Choosing a summer camp for your child requires careful preparation and planning.  Anything worth doing, is worth doing well.  The following suggestions will go a long way to ensure that your child will enjoy fond memories of his or her summer adventure for years to come:

1) Be clear about the objectives you have for your child’s camp experience.  Are you seeking an interactive social experience, an academic camp, or intellectually stimulating activities? Are you seeking a camp that offers physical activities or sports which will enhance the development of new skills, or would your child thrive in the complete immersion of a new environment?

Take the time to ensure that your objectives are in alignment with the program that you and your child choose.

2) Spend quality time with your child to discuss the type of camping experience he or she is most interested in.  Together, review the range of camp opportunities that are available.  Be sure that the objectives you and your child want from the camp are consistent and attainable.  Remember that your child is an individual, and may not be interested in the same type of camp that you would have chosen.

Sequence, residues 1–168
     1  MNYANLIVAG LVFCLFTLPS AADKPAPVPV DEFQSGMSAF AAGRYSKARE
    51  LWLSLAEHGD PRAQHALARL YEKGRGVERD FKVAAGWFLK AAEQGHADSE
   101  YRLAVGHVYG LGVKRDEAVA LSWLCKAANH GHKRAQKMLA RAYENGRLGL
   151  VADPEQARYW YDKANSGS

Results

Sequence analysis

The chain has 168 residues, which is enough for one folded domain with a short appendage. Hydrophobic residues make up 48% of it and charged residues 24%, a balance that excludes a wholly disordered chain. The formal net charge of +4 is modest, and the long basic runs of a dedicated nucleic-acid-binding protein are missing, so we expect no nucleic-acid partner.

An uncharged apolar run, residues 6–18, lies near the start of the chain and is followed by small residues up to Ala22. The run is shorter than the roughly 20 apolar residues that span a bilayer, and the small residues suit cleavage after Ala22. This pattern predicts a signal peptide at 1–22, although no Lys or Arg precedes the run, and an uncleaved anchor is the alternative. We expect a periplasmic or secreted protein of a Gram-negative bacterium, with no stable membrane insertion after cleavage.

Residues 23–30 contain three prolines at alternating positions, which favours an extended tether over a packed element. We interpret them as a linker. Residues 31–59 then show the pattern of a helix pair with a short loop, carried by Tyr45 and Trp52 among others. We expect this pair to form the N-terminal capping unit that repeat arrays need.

3) Take time to check out the camp in terms of its location, the qualifications of its staff, and if possible, meet the Camp Director and/or supervisors.  Ask pertinent questions about their approach to discipline, and how they handle the first day adjustment routines to make new campers feel at ease.

4) If your child has an allergy concern, make inquiries concerning the camp’s policy to ensure the safety of children with allergies.

5) Inquire about First Aid training requirements for camp staff members, waivers, and insurance.

6) Read all camp criteria carefully to ensure that your child will be prepared each day with all of the necessary clothing and materials.  Keep in mind that arriving late or leaving early, can be unsettling and disruptive to your child’s camp experience.

Life is not always perfect, and there can be uncomfortable challenges that arise at camp, including separation anxiety.  Allow a day or two for your child to try to resolve any minor issues on his or her own.

If the situation persists, talk with a camp supervisor who can provide guidance, additional support, or possibly restructure activities that will help to resolve or minimize the issue.  Facing challenges and learning from them are important life experiences, and assist with the growing and learning process.

Encourage your child to practise approaching daily challenges with a spirit of optimism!  This thought can, of course, be applied in one’s adult life as well. What new and exciting adventures are in store today?

(Published Oakville Today, April 19, 2012)

Linda Sweet M.S. Ed.

Founder and Director, Glenburnie School

Providing a progressive, innovative private school education